Teresa DeAnda was one of the very first people I met when I moved to the Central Valley to cover the region for The California Report a decade ago. I decided to take a Great Valley Center bus tour of the valley with some incoming professors at the newly established UC Merced, which was just about to open its doors.
We traveled to rural Tulare County, where DeAnda shared her story about trying to raise seven children near fields where farmers regularly sprayed pesticides.
She told us about what she called “the big accident,” in November 1999. More than 170 residents in her town of Earlimart were exposed when a soil fumigant applied to a nearby potato field drifted into people’s homes.
The fire department rounded up those who were vomiting or ill at the middle school football field, asked them to strip down and blasted them with firehoses.
She described this incident as a “turning point” in her life, after seeing how disrespectfully her neighbors were treated by emergency crews. “My anger became awareness, my tears became action, and I became an advocate,” she would later say.
"Everywhere I go to all the little rural communities, everybody has a story to tell about being drifted on by pesticides," she told me in a 2009 interview. "It’s that they were outside barbequing, or they were having a birthday party. It just happens so commonplace, people don't report it.
"If you think about it, if a pesticide accident happened in Malibu or Beverly Hills, there would be [an outcry], but because it's Tulare County, it's the poor people that are getting affected, the ones that are least able to pay the bills, the ones least able to afford a nebulizer or medication for asthma or other health problems already," De Anda told me.
Teresa DeAnda, who died of liver cancer in late October at age 55, told her story to legislators in Sacramento and helped pass SB391, the California Pesticide Drift Exposure Act. The law helped improve emergency response to pesticide drift. She also helped establish protective buffer zones limiting pesticide use around schools, homes and labor camps.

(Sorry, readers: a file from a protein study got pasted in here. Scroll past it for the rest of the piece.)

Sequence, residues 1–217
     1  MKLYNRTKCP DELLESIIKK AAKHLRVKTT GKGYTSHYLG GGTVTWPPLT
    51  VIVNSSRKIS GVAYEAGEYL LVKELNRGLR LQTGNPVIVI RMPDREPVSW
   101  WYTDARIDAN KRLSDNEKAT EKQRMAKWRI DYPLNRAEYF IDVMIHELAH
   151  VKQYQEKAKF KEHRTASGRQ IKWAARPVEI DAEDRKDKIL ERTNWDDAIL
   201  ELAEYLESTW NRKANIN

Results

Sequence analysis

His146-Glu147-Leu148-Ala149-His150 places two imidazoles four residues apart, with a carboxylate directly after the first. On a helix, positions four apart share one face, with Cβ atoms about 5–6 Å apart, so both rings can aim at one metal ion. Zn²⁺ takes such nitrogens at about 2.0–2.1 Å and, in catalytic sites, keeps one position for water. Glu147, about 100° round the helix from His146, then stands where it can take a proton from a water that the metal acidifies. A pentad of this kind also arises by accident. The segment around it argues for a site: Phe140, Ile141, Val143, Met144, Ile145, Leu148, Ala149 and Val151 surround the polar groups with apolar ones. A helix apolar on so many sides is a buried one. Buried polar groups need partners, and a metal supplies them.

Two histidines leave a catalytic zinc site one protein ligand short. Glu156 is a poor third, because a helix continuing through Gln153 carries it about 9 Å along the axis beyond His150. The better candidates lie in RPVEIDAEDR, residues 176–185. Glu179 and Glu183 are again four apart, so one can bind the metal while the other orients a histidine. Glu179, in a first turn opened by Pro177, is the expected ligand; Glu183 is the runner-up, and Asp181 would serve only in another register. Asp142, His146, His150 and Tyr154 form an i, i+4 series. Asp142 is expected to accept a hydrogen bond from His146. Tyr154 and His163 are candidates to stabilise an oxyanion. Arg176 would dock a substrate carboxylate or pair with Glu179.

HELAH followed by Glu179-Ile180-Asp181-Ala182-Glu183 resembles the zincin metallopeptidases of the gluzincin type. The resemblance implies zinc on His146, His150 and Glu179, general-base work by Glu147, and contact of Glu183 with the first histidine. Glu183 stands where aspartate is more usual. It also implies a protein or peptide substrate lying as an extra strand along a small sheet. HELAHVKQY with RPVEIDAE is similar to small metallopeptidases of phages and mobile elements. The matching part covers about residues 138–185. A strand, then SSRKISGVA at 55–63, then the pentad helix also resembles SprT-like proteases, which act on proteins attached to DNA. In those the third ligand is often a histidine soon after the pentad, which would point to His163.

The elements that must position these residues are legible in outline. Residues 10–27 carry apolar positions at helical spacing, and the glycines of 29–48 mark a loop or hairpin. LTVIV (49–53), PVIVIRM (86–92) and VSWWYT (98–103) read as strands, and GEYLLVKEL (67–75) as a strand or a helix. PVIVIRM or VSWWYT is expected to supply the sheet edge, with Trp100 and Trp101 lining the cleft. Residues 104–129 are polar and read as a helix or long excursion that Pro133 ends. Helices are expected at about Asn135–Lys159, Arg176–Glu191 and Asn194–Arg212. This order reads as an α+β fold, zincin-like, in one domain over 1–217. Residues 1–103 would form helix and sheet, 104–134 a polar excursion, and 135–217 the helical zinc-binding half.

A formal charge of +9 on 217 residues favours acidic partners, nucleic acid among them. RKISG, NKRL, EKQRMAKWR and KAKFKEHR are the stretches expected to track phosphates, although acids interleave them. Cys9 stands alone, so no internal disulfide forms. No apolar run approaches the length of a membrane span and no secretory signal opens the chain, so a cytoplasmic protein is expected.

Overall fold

But she was honored daily by community members who recognized her as a voice for tiny, rural farmworker communities. She was a mother of seven, a grandmother of eight and a tireless advocate for a son with autism. She loved animals and would drive around with water bottles and dog food in the trunk of her car in case she ran into any stray animals.
She would reach out to families, many of them immigrant farmworkers whose children had been sprayed while waiting for the school bus, or who inhaled toxic quantities of pesticides from adjoining fields while harvesting crops. She would encourage them to report these incidents, rather than stay silent.
I interviewed DeAnda several times over the last 10 years, including for a two-part series on pesticide drift and its impact on children and communities in the San Joaquin Valley. I was struck by her humility, her candor and her courage, as well as her ability to maintain a sense of humor.
"I remember when I was little, there was that campaign, 'Don’t litter, don’t be a litterbug.' I would love a campaign that would put signs on the freeway billboards saying, 'Be careful with pesticides,' " DeAnda told me. "I’ve seen signs on the country roads that say, 'Drive slowly, dust hurts crops.' I would like to see signs that say, 'Be careful with your pesticides. Pesticides hurt people.' "